My friends from North Dakota just visited us here in La Ciotat and got soaked! Erin, Brian, and daughter Miranda (joining us from Slovakia, where she's working with Cru (an international campus ministry), are avid hikers, used to the rugged outdoors, so we didn't let the pouring rain and this veritable temps de cochon hold us back from some local sightseeing.

We began our tour at the Parc du Mugel, but no sooner did we drive into the parking lot than the sky opened up and it began to pleut de cordes! That's when Jean-Marc suggested we take the Route des Crêtes and see the countryside via car. As our car lurched up the side of hill toward the famous cliffs overlooking Cassis, some of us kept our eyes off the snaking, two-lane road which did not have a safety wall. It helped to focus, instead, on all the calming wildflowers that carpeted the national park! The rosemary was blooming and its purple-blue tint drew our vision--and our feet--out over the gorgeous landscape. You can see how windy it was by the state of Miranda's blond locks, which took flight!

Mirandas hair
Miranda walking arm and arm with mom, Erin

Cliff near cassis france
Le Cap Canaille--the almost-highest sea cliff in France, above the Mediterranean along the Route des Crêtes--or "Road of the Ridges"--which joins La Ciotat and Cassis.

Bird of paradise in cassis
Erin took this photo after we arrived in the little port of Cassis. She loves bird of Paradise (l'oiseau de paradis), which, we decided, would go well in our garden here in La Ciotat. Qu'en pensez-vous?

Poissonnerie fishmonger in Cassis France blue shutters striped awning charm
Even in off-season it is sometimes tricky to find a parking spot, so Jean-Marc kindly dropped us off near the port and went searching for a place to se garer...
 
Friends and umbrellas parapluie
My friend Erin and our trusty parapluies. It was so windy that one of the umbrellas broke!

Cats and jasmine in cassis france
We noticed all the potted jasmine dotted throughout town, and lots of "window cats."

Brian and jean-marc at Restaurant la Table in Cassis
After checking out all the menus along the old port, we skipped back to Rue Severin--one of the little streets without a sea view, and found a delicious menu at an affordable price! Only 14 euros for both an entée (we had salade de chèvre chaud) and a delicious filet of fish. One waitress served all the tables and did a great job (even our basket of bread was crispy and hot from the oven!) (The place: Restaurant A Table, 7 Rue Severin Icard, Cassis)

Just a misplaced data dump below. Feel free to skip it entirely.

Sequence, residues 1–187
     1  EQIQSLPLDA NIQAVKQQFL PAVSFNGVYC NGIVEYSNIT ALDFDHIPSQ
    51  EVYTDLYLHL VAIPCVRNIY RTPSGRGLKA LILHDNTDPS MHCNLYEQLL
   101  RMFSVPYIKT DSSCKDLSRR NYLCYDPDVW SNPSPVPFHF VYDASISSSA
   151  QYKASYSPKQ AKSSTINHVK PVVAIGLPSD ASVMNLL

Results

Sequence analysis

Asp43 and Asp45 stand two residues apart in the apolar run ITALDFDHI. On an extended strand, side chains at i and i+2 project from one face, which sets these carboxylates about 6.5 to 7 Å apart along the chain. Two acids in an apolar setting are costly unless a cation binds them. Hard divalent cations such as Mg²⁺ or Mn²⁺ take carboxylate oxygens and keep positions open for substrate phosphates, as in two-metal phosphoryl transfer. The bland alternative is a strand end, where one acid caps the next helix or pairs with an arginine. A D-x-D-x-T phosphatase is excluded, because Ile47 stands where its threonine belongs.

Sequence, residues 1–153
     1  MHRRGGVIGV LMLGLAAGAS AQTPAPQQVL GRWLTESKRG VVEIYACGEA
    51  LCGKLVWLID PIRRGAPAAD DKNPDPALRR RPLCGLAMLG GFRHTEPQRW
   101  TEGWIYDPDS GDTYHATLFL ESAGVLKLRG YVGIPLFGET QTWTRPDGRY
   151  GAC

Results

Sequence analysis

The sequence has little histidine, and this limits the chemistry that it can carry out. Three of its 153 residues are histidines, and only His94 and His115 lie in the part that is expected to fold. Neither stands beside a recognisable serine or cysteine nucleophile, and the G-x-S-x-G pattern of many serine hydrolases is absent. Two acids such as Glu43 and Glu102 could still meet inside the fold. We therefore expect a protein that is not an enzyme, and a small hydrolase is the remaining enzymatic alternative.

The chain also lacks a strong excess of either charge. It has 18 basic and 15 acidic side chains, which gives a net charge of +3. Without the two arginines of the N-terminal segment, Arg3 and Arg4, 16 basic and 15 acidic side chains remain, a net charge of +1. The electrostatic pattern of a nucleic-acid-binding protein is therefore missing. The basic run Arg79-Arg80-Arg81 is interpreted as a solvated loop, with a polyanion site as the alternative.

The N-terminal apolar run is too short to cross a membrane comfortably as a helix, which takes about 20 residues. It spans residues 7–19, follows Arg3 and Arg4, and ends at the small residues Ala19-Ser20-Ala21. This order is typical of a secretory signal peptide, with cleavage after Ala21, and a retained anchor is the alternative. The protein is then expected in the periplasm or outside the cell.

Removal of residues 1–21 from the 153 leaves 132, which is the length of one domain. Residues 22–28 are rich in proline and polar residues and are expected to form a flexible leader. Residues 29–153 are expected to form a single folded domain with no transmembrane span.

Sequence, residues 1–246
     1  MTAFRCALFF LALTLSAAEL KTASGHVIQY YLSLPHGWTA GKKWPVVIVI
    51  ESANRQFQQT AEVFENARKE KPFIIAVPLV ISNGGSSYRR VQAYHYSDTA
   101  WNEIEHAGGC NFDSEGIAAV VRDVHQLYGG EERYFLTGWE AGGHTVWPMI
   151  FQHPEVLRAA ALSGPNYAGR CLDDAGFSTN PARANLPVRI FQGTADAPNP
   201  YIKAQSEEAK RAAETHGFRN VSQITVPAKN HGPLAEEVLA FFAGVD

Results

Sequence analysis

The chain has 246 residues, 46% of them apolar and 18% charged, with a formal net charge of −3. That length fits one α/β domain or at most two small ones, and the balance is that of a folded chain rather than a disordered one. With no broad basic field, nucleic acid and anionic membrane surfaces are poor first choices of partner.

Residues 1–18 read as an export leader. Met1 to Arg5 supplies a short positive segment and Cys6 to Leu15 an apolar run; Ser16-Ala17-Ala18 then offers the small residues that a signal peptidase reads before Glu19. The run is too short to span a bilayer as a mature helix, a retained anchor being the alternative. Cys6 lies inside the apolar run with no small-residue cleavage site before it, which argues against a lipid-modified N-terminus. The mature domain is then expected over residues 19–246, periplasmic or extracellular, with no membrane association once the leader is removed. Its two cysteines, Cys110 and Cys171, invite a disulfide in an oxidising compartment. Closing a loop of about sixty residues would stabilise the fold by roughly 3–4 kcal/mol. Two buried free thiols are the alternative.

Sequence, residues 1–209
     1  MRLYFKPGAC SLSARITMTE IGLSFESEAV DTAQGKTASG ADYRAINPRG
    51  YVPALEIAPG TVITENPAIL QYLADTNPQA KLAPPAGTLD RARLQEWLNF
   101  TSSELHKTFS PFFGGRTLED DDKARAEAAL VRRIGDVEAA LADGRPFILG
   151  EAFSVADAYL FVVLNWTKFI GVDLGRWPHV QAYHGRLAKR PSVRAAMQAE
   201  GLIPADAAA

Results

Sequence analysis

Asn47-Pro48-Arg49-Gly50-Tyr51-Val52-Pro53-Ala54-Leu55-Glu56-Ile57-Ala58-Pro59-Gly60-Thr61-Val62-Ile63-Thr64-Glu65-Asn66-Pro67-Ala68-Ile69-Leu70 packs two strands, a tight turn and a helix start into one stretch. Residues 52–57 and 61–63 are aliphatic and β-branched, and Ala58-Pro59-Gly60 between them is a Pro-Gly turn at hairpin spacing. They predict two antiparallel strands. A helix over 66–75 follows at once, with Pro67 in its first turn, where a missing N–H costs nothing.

Kristi and erin in Cassis

Jean-Marc introduced Brian, Erin, and Miranda to the world-famous white wines of Cassis, which our friends loved.

Erin jean-marc kristi in cassis
Thank you Miranda and Erin for these pictures. My friends are already headed back to North Dakota. They've escaped the deluge, here, but face a blizzard at home. Wish them luck, and Miranda, too, as she continues her work in Slovakia.

Erin and miranda on the beach in la ciotat
Something else about Erin: she created the interior for my books Blossoming in Provence and First French 'Essais'. She works with my friend Tamara and TLC Book Design

I will be uploading more pictures from our visits to La Ciotat and Sanary-sur-Mer... so check back this weekend for some more colorful scenes. Thank you all very much for reading and enjoy your weekend.

FRENCH VOCABULARY REVIEW
Quel temps de cochon! = what lousy weather!
il pleut des cordes! = it's pouring!
l'oiseau de paradis = bird of paradise
La Route des Crêtes = Route of the Ridges
qu'en pensez-vous? = what do you think?
se garer = to park
salade de chèvre chaud = salad with hot goat cheese
la parapluie = umbrella

Merde!: The Real French You Were Never Taught at School (Sexy Slang Series)

T-Shirt "I Don't Need Therapy I Just Need to Go to France."

Gourmet French Macaroons

Window in cassis france palms
A window with a lot of character, that never seems to change each time we visit.

Port of cassis france colorful buildings waterfront
Lighthouse or phare in Cassis France
Looking in the opposite direction...here is the phare, or lighthouse.

Old wooden fishing boats and le chateau de cassis hotel restaurant
Old wooden fishing boats, or "pointus", and the Château de Cassis (now a hotel-restaurant) high up on a sea cliff. 

Thank you for the time you've just spent reading this post. If you have learned more than a little vocabulary here and find yourself looking forward to the next story, please know that a one-time contribution helps me continue doing what I love most: improving this journal. Your support is vivement apprécié! Donating via PayPal is fast and easy when you use the links below. Merci infiniment! 
♥ Send $10    
  ♥ Send $25    
    ♥ Send the amount of your choice


"Kristin, Your tips and experiences on French and life in France are the best resources I can think of to keep my French alive."
--Amy